Sharpening the question of ethics.

I see myself as a fish in a stream; deflected; held in place; but cannot describe the stream. — Virginia Wolff

Back on track: today has been a day of productivity — I’ve rewritten my research question, received feedback for my memoir-ette (yep, it’s a thing) and begun planning my final piece and exegesis.

Last night I dreamt my supervisor, Francesca, led me into a huge crowd and announced to everyone that the 7000 words I’d sent her were rubbish, and that I needed to start over. She’d crossed out every word with red so no one else could read them. Needless to say, that was close to the worst outcome so after waking up this morning I was ready to face anything today. I had been unsure of my writing — writing about my experiences and writing about the writing of these had led me to question my own integrity and my decisions to explore this dangerous territory. Why did I want to subject myself to this? Why did I want to consider things I remember from a long time ago? Why hadn’t I moved on yet? What did this whole project say about me?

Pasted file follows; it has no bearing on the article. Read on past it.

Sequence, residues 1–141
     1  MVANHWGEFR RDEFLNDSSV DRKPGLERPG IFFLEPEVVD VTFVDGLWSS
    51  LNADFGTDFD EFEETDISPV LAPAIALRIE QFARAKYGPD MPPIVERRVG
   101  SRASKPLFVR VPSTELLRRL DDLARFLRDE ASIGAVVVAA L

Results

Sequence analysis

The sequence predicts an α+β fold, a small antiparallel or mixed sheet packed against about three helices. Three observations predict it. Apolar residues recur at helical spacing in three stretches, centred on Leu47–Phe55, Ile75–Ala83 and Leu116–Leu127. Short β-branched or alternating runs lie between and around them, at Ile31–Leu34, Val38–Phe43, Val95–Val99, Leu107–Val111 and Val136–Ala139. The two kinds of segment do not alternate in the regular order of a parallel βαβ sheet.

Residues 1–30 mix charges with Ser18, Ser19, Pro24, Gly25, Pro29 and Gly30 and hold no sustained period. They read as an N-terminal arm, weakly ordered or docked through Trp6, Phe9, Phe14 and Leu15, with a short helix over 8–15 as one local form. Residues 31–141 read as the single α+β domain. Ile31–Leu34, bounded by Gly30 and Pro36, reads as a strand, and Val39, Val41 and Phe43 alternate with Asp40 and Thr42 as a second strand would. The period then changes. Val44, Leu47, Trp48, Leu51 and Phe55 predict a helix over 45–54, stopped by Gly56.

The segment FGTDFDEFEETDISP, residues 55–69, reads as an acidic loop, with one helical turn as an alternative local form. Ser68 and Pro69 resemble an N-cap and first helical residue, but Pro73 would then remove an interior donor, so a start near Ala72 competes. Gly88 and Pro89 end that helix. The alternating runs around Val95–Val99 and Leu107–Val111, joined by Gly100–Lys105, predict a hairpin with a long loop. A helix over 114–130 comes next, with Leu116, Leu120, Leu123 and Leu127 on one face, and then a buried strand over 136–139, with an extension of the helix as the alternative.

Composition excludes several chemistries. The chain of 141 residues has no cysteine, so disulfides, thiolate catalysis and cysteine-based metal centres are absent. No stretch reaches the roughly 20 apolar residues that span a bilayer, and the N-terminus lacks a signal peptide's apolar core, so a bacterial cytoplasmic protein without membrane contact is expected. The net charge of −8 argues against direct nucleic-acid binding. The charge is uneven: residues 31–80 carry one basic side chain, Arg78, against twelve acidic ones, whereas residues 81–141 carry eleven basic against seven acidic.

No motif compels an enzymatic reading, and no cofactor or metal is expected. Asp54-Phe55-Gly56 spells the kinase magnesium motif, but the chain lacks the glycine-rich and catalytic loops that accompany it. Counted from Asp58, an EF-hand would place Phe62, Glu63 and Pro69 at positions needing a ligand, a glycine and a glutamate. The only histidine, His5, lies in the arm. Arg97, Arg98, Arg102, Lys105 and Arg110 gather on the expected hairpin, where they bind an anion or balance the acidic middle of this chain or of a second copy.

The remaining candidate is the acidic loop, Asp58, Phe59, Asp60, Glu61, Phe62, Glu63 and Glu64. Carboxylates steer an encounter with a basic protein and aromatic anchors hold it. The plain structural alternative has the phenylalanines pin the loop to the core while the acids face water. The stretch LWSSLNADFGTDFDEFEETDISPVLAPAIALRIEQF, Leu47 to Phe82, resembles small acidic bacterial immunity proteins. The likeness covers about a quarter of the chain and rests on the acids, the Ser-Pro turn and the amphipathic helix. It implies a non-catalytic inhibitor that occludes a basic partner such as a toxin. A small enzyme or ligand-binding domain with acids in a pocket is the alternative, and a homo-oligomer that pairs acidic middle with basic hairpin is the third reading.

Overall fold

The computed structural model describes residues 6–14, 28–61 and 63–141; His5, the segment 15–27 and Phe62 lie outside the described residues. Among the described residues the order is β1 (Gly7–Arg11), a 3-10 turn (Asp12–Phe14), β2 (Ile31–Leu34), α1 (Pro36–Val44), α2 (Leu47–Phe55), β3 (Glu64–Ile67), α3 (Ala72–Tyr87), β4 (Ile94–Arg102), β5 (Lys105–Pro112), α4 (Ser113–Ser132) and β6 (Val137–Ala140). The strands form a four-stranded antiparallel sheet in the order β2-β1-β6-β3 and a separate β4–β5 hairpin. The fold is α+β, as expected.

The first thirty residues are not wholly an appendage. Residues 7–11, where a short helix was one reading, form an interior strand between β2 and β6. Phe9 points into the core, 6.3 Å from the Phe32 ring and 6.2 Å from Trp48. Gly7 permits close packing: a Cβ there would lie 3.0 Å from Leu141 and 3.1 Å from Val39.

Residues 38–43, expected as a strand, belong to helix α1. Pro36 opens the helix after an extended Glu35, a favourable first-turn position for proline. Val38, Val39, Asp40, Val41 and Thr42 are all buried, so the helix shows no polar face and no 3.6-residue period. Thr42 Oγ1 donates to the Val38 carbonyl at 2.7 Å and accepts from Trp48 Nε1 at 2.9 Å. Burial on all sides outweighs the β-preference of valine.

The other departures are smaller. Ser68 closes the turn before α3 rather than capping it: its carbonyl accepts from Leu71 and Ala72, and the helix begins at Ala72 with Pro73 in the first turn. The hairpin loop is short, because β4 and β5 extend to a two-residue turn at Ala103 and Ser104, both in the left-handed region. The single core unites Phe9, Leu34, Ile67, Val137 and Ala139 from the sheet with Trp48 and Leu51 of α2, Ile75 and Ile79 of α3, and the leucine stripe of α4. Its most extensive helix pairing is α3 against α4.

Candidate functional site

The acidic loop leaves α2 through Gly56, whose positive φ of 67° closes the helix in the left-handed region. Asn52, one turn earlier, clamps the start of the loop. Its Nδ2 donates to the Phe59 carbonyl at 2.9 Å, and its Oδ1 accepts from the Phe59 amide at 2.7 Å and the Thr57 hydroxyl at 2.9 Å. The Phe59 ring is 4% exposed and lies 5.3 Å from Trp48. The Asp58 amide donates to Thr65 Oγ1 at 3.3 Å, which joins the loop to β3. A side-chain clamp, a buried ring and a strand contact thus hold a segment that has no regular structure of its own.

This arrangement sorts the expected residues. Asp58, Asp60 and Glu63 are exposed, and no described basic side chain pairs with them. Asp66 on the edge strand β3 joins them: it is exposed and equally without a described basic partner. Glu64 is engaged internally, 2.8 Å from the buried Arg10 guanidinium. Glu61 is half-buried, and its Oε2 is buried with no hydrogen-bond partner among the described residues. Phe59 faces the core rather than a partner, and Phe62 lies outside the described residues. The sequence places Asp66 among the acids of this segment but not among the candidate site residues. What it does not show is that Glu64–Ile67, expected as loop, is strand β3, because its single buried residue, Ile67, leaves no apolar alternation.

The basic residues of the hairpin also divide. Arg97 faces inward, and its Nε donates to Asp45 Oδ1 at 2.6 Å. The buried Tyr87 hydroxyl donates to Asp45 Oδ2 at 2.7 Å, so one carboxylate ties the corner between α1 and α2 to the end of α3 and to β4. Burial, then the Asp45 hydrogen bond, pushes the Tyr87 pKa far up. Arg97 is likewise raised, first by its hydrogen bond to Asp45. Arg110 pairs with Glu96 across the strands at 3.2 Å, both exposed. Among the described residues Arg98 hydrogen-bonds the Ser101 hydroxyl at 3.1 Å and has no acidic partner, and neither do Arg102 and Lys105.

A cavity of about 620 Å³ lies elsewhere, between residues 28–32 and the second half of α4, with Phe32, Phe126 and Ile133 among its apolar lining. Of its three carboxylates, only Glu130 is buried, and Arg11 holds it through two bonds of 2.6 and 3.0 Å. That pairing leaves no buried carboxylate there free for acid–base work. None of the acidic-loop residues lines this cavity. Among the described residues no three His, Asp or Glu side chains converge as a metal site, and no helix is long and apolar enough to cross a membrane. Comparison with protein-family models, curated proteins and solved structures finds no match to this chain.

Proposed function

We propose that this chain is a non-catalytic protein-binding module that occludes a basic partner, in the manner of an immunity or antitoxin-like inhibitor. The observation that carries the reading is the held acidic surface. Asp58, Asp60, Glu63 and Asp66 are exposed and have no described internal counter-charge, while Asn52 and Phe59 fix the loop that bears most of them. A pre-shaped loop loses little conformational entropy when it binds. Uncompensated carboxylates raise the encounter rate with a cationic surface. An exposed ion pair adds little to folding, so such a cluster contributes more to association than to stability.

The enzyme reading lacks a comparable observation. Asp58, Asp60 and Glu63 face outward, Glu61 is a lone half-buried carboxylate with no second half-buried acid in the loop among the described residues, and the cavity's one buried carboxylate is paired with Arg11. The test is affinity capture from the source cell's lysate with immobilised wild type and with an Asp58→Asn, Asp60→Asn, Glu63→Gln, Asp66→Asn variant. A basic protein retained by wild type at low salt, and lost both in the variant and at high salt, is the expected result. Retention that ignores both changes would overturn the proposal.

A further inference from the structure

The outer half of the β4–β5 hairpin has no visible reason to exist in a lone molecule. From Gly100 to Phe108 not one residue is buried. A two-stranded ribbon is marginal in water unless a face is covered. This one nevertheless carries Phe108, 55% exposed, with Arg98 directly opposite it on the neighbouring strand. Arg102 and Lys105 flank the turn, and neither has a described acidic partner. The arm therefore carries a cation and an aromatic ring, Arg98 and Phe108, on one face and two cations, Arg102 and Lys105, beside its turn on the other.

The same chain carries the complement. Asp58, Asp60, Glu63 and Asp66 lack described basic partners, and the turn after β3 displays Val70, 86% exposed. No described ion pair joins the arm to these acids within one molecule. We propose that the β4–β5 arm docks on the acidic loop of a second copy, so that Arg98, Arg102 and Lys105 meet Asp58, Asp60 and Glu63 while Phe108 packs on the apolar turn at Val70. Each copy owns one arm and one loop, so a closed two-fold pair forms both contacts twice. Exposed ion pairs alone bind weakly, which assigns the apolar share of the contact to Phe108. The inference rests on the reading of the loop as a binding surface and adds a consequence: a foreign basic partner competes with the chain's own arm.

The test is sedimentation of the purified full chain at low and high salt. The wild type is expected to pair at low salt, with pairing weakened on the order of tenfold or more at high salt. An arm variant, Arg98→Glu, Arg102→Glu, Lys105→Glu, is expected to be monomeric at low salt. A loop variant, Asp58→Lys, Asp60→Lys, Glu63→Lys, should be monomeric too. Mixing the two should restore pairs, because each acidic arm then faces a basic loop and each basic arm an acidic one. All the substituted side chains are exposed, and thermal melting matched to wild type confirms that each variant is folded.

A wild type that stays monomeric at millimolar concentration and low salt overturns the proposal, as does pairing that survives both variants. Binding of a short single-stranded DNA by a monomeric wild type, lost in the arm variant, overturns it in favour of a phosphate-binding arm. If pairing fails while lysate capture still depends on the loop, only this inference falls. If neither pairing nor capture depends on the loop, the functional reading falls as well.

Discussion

Fortunately I was met with a more positive response — Francesca reported that most of the work was really strong and that she could see the questions I was thinking through and exploring. I’ve now decided that I will publish pieces of my memoir online, as the question of ethics — and especially the ethics of publishing material about others — is something that continues to arise in my research. For example, ethical considerations lead me to filter what I’ve written in these blog posts.

I will be publishing pieces of this memoir in an online space over the coming weeks, and so they will be available for anyone to read. This publication process will form part of my research about the ethics of nonfiction writing.

The point I want to stress to those new to the memoir genre is that these pieces are told from my experience and recollections of events, and will always be slanted. They will be partial truths. I will change names where I feel this is needed, but I want to tell you that this is a story made of memories, not of facts. I have constructed these pieces, and I want to lead you through this process of construction. I want you to look closely for the fuzzy edges, notice the absences, question the veracity of my stories. I am exploring the limitations of telling these stories, the complexities of telling stories that don’t belong just to me.

 

 

 

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